Mark Twain in the West: An Exhibition
A 'Call' to Literature

“I have had a ‘call’ to literature”

Letter from Sam Clemens to his brother and sister-in-law, Orion and Mollie, 19 and 20 October 1865, before “Jumping Frog” was published:

P.S. You had better shove this in the stove—for if we strike a bargain I don’t want any absurd “literary remains” & unpublished letters of Mark Twain published after I am planted.

San F.—Oct. 19, 1865

My dear Bro & Sister:

Orion there was genius—true, unmistakeable genius—in that sermon of yours. It was not the gilded base metal that passes for intellectual gold too generally in this world of ours. It is one of the few sermons that I have read with pleasure—I do not say profit, because I am beyond the reach of argument now. But seven or eight years ago that single sermon would have saved me. It even made me think—yea, & regret for a while, as it was. (Don’t preach from the above text, next time.) Viewed as a literary production, that sermon was first-class.

And now let me preach you a sermon. I never had but two powerful ambitions in my life. One was to be a pilot, & the other a preacher of the gospel. I accomplished the one & failed in the other, because I could not supply myself with the necessary stock in trade—i.e. religion. I have given it up forever. I never had a “call” in that direction, anyhow, & my aspirations were the very ecstasy of presumption. But I have had a “call” to literature, of a low order—i.e. humorous. It is nothing to be proud of, but it is my strongest suit, & if I were to listen to that maxim of stern duty which says that to do right you must multiply the one or the two or the three talents which the Almighty entrusts to your keeping, I would long ago have ceased to meddle with things for which I was by nature unfitted & turned my attention to seriously scribbling to excite the laughter of God’s creatures. . . .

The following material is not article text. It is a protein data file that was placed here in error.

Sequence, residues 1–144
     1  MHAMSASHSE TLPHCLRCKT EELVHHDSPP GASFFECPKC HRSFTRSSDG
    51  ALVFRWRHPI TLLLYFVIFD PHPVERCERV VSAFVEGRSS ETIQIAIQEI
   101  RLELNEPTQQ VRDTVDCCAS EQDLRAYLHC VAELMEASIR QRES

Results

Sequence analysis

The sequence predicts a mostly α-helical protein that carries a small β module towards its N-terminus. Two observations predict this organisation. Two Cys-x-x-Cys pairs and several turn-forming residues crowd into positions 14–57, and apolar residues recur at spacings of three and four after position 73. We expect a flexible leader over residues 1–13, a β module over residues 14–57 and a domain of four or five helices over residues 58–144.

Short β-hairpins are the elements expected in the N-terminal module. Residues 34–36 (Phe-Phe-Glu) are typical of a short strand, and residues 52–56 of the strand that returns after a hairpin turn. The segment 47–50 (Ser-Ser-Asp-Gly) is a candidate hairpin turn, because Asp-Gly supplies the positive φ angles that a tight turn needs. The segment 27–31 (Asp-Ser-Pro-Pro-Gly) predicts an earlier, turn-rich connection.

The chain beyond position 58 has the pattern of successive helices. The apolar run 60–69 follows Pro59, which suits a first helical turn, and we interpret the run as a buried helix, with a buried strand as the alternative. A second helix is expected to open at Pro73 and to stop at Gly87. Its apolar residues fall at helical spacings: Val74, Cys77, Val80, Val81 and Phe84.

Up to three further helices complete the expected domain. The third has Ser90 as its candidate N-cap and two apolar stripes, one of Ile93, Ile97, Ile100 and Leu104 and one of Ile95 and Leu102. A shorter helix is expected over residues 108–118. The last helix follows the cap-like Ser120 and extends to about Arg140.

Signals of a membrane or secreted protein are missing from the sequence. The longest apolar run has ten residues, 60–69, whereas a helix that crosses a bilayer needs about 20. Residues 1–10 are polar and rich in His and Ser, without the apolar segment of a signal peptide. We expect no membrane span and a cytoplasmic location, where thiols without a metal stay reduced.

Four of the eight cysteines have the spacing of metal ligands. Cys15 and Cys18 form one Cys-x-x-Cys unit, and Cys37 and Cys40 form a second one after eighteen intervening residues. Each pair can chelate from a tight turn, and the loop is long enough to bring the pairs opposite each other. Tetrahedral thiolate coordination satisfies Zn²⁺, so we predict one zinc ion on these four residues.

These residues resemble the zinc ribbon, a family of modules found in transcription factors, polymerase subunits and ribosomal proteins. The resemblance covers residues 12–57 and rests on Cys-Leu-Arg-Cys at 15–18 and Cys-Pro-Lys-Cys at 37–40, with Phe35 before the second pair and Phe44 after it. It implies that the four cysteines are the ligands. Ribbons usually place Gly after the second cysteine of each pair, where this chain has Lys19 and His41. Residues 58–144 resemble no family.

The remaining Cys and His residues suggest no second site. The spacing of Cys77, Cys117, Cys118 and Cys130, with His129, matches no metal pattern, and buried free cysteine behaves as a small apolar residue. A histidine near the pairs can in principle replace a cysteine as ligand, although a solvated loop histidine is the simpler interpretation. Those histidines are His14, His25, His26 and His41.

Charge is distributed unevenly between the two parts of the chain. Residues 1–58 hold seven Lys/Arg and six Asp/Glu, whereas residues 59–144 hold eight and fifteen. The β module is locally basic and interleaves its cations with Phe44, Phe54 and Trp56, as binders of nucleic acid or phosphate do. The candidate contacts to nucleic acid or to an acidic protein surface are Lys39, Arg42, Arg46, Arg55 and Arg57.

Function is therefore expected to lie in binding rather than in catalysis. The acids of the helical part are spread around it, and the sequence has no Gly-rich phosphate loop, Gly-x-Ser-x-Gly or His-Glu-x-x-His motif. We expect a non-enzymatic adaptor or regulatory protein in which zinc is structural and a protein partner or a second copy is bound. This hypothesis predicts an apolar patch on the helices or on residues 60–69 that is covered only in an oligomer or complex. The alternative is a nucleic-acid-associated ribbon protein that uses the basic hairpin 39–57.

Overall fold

University of California, Berkeley Mark Twain Papers and Project Maps Roughing It and Comments on Bret Harte Retracing Clemens's Steps Corresponding for the Sacramento Union Jackass Hill days in Clemens's Autobiography Sam Clemens in San Francisco, 1868 Stage fright and success Maguire's Academy of Music Mark Twain's first lecture 'Baker's Blue-Jay Yarn' 'I have had a 'call' to literature' A 'Call' to Literature California Gold Country San Francisco Correspondent Writing for the Enterprise Mining in Nevada Territory Exhibit Home Introduction and Chronology